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Telemetry Buoy Tracks Entangled Whale


August 25, 2006

Members of the Alaska Marine Mammal Stranding Network can claim partial success in their August 21 attempt to remove gillnet gear tangled around the tail of a humpback whale in Stephen's passage near Juneau. The team was able to remove much of the gear, but not all. With approaching darkness, they returned to port, planning to regroup later in the week and attempt to free the humpback whale completely.

jpg entangled whale locations

Example of locations from partially-entangled whale moving in Stephens Passage. The transmitter reported the whale's location at approximately one-hour intervals.
Image courtesy of Terrametrics, Inc. - NOAA

The whale is not in immediate danger from the lines which are still tangled around its tail. A telemetry buoy, which is beaming the whale's location over satellite, is attached to the remaining gear. The telemetry buoy will allow the team to travel straight to the whale when they are ready, avoiding a sometimes costly and frustrating search effort before further disentanglement efforts can take place.

The whale has been in the Hobart Bay and Five Finger Light area in the southern part of Stephen's Passage, not moving far from where it was first spotted.

People closely involved in the disentanglement effort included:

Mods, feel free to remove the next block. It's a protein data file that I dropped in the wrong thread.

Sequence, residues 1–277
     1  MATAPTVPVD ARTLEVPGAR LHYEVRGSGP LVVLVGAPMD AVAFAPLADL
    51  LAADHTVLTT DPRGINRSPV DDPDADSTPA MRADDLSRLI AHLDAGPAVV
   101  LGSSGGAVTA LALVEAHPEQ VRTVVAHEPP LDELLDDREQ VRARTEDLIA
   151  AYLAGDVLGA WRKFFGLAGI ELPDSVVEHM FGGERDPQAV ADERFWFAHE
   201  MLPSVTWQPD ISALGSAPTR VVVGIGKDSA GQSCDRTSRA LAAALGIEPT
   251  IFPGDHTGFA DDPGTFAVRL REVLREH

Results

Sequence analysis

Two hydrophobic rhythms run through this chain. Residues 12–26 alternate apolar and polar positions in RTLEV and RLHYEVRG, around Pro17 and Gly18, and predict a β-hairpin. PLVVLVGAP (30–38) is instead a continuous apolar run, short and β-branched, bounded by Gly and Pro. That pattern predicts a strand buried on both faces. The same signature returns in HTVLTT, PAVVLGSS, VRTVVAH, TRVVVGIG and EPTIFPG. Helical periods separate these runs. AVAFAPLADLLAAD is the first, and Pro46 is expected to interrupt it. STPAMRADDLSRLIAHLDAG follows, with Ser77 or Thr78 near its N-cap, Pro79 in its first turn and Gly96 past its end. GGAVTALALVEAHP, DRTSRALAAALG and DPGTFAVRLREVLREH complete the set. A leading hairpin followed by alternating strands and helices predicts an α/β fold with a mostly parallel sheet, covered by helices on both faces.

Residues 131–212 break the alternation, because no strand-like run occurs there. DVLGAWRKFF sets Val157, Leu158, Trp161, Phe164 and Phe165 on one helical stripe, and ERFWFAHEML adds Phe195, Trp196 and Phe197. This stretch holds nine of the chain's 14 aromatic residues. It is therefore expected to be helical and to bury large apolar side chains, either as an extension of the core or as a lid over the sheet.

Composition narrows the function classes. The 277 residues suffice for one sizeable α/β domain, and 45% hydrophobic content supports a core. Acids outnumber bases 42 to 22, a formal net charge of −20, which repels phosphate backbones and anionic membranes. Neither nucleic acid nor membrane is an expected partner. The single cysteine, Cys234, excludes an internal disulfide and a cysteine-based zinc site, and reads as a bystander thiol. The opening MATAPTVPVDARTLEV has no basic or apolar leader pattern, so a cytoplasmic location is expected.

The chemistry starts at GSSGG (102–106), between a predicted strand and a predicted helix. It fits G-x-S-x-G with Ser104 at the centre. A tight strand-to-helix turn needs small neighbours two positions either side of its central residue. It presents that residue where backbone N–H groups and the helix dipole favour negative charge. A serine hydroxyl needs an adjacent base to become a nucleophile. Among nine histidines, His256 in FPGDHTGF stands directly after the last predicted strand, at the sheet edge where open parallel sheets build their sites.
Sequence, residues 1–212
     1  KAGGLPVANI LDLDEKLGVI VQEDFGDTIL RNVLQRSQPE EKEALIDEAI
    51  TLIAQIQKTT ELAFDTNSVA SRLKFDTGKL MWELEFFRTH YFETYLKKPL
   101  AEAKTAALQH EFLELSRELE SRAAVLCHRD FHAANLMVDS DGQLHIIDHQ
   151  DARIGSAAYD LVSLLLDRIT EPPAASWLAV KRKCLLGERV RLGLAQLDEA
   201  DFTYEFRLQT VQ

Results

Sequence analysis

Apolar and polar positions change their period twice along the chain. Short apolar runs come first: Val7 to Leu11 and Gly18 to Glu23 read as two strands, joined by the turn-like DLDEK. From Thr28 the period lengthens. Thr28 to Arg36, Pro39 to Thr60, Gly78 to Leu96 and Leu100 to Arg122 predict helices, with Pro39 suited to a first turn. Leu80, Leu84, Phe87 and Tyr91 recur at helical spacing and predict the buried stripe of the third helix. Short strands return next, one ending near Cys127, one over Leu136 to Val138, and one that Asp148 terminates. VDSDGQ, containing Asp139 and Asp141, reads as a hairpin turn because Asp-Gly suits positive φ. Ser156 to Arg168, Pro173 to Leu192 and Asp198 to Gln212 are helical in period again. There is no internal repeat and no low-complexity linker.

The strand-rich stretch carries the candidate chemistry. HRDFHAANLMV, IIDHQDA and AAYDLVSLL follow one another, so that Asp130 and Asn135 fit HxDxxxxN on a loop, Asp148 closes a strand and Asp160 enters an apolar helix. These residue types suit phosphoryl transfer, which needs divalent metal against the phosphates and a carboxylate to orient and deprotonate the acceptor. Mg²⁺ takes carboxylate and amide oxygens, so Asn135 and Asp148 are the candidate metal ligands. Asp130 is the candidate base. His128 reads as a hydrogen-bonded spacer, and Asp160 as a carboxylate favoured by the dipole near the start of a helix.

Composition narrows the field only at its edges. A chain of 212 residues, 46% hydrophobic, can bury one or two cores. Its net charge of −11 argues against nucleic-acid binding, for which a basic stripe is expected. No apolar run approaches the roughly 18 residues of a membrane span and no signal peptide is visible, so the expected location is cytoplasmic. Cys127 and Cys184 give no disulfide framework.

Ed Lyman, whale disentanglement expert with NOAA;
Fred Sharpe, Alaska Whale Foundation;
Jan Straley, University of Alaska Southeast;
Flip Nicklin, Whale Trust;
Barry Bracken, Petersburg Marine Mammal Center;
Sara Grae of the Alaska Whale Foundation;
Dennis Rogers of the Alaska Adventure; and
Dick Dunhaupt and Patty Hackney of the Oz.

The team reported that the support boats were crucial. Not only did they spot and report the entangled whale, they stood by until members of the Alaska Marine Mammal Stranding Network could arrive. The Oz lent an inflatable raft to the effort. Team members also reported that the Alaska Adventure provided cookies, a fine treat on a rainy day.

Marine mammal entanglements or strandings should be reported to NOAA Fisheries Law Enforcement at 800-853-1964


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Ketchikan, Alaska